The entertainment industry, for as long as it has existed, has been a boys club. It’s only been in the last few years that women directors and screenwriters have begun to truly make their presence known in the industry. Before that it was just a handful of female writers, directors and producers that would have the influence and power to get a film made. Let alone on a major studio level.
On June 26, 2012 we lost one of the popular and beloved female writers of our time, Nora Ephron. While her films may not have been everyone’s taste no one can deny she helped define the modern adult romantic comedy with a lifetime gross box office of $720,267,574. With her work she struck a chord with audiences internationally and helped pave the way for generations of women after her. Here’s how she did it.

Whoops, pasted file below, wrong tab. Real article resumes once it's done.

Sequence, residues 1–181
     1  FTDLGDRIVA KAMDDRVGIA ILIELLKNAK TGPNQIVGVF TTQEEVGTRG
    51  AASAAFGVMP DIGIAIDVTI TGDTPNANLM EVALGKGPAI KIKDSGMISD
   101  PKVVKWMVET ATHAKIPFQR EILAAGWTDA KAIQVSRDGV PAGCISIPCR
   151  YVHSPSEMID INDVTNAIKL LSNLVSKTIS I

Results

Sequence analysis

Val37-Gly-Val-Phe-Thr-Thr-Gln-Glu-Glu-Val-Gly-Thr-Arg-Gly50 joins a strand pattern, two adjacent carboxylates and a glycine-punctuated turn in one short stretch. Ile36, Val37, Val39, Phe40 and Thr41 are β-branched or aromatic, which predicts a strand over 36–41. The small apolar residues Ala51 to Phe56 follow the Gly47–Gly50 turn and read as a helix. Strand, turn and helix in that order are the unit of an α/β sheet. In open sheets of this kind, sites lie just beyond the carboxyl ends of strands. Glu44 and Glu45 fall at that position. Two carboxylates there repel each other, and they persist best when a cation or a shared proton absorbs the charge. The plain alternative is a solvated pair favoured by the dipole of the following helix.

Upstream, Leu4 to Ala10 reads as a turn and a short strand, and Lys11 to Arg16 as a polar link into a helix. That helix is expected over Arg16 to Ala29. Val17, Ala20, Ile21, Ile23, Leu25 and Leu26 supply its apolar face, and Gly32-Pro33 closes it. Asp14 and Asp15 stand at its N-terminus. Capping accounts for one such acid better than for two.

1. New Journalism
Ephron began her official writing career as a reporter for the New York Post which eventually led her to writing essays often with a humorous, personal twist. She wrote essays for New York Magazine, Esquire and the New York Times Magazine. She was among the top reporters in the 60s and 70s and a big part of the New Journalism movement. Like Hunter S. Thompson without peyote.
Ephron wrote about her failed relationships, her struggles with her appearance with humor, grace and intelligence. She became one of America’s best known humorists, not just a female humorist. She gave women a voice in a male dominated industry and it would not be the last time she would do so.